For someone that has studied architecture, design and art, Chilean artist Carlos Zúñiga considers it too ambitious to bear the title “artist” and instead considers himself a philosopher. But a quick glance at his work convinces even the harshest critic that Zúñiga is not only a philosopher, but that he also has the talent of a seasoned artist. What’s more, he has the work to prove it.
Photo courtesy Carlos Zúñiga
Carlos Zúñiga began a career in architecture, but his philosophical approach didn’t fit the rigid and realistic paradigms that this career demanded. He moved on to study design hoping that he could be a more direct contributor to the social necessities he observed around him. After ten years of working as a designer and eventually ending up in the editorial business, Zúñiga began to understand the laws and the logic of the market; and this understanding lead him to a profound disappointment in not being able to contribute to society in a more personal way.
Hoping to create what he wanted, not what someone else asked him to and definitely not what the market dictated, Zúñiga finally went on to study Art at the University of Chile.
But his work in the editorial business had a significant impact on his artistic work. Zúñiga realized that editing means avoiding disclosing information, or even hiding it, because of personal interests—often political in nature. Zúñiga wondered, “Who has the capacity to do this? Who has the truth?” He concluded that the answers to these questions lie in the government and in the market. His video “The Origin of Species” deals with this issue.
The six and a half minute video of Zúñiga’s hand crossing out each line of a book has clear political undertones. Born into the socialist government of Salvador Allende, Zúñiga is very aware of the Pinochet dictatorship and its consequences, which included not only an authoritative push into capitalism, but also the censuring of information.
A few years back, texts with lines crossed out emerged as once-suppressed material reappeared into the now democratic Chile. In a very ironic and condemning way, in this video Zúñiga takes on the part of the executioner by taking a black marker and mechanically crossing out line by line of the controversial book The Origin of Species by Charles Darwin.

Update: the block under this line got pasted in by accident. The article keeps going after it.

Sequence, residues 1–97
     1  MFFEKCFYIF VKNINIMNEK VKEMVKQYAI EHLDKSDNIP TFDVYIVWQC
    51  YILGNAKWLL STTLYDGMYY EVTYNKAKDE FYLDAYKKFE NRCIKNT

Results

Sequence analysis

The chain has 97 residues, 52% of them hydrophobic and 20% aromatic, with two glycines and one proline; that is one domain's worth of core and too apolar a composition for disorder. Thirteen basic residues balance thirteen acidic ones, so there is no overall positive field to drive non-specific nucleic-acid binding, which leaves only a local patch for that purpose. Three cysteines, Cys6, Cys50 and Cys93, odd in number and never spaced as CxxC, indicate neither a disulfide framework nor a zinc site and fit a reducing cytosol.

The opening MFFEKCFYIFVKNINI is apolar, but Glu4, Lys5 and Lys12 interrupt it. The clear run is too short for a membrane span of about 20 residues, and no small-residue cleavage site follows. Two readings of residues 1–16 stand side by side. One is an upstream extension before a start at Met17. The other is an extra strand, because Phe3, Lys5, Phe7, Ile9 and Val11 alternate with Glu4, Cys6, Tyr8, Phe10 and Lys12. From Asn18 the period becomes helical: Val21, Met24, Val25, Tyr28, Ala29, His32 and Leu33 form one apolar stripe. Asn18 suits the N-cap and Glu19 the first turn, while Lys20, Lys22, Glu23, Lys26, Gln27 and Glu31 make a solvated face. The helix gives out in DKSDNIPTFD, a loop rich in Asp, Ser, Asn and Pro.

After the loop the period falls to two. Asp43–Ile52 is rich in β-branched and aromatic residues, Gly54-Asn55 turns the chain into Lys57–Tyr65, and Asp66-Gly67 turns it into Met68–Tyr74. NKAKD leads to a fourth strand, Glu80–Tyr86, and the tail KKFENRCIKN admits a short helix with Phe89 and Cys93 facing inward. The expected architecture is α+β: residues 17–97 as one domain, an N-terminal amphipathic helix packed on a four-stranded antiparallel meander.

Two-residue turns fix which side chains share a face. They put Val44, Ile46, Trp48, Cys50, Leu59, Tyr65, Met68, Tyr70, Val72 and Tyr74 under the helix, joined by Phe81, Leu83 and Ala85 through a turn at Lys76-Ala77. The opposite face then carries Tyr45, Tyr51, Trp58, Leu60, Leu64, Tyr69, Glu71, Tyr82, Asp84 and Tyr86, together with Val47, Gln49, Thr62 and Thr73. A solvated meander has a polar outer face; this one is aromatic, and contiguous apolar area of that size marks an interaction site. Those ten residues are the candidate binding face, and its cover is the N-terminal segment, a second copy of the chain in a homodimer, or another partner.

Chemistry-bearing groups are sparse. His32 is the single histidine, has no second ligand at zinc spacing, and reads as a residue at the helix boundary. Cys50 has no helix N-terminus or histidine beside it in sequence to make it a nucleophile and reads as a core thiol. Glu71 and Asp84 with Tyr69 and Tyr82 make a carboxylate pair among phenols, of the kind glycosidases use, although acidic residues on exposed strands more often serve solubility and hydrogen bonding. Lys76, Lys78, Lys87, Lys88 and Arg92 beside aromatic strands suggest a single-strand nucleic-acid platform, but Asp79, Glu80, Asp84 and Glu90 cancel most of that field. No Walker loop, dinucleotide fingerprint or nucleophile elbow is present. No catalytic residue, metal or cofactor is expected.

In his work “Souvenir S, M, L, XL”, a folded up t-shirt encapsulated in a glass display box reads, “¿Dónde están?” the question many families of those who disappeared during the dictatorship are still asking themselves. A question that, according to Zúñiga, no one can or wants to answer.
In “Phone Book”, his most unique and famous work, Zúñiga combines the themes of editing and crossing out together with the social consequences of the dictatorship in Chile. By strategically crossing out lines with a black marker, Zúñiga creates a realistic portrait on the page of a phone book.
He was inspired by the families in Chile who commonly keep portraits of the disappeared, as a last reflection of their soul. But as a direct criticism to the post-Pinochet generation, a great part of his phonebook drawings are portraits of this new generation, those now in their mid-twenties who are moving on from the events of the dictatorship.
When speaking about his views on his country’s past and on this new generation, Zúñiga explains that we are all born into different times and are affected by the bubble we are born into. He admits growing up in a bubble himself, where he received a privileged education that helped him understand different economic systems; he also confesses to being profoundly capitalistic because of this.
But when trying to find a common thread that ties his work together, Zúñiga points to the consequences of the market over society. He further explains that, “Where society and capitalism meet, decay is produced; and this is evident throughout the world. Capitalism is beginning to show its own faults.”
However, Zúñiga also says he is not a leftist. And this is the beauty of his work; instead of being partisan speech, his work is a criticism and a reflection of the world he lives in. He is capable of breaking the bubble and expressing the repressed feelings of a Chilean society that was left divided and with unanswered questions.
His current work takes on issues of justice, with a prosthetic arm clutching a red card, typically used in soccer games by referees imposing judgment on soccer players. Zúñiga explains that this work, in particular, “is not seen from the point of view of a handicapped person that needs an extension; it is seen from the point of view of straightening society.”
Zúñiga sees art, and in turn every human being, as having the option and the right to emit judgment and of administering it, instead of just subjecting to it. He certainly practices what he preaches with his highly socially-minded work.
To see more of Zúñiga’s work, visit his website at http://www.carloszuniga.org.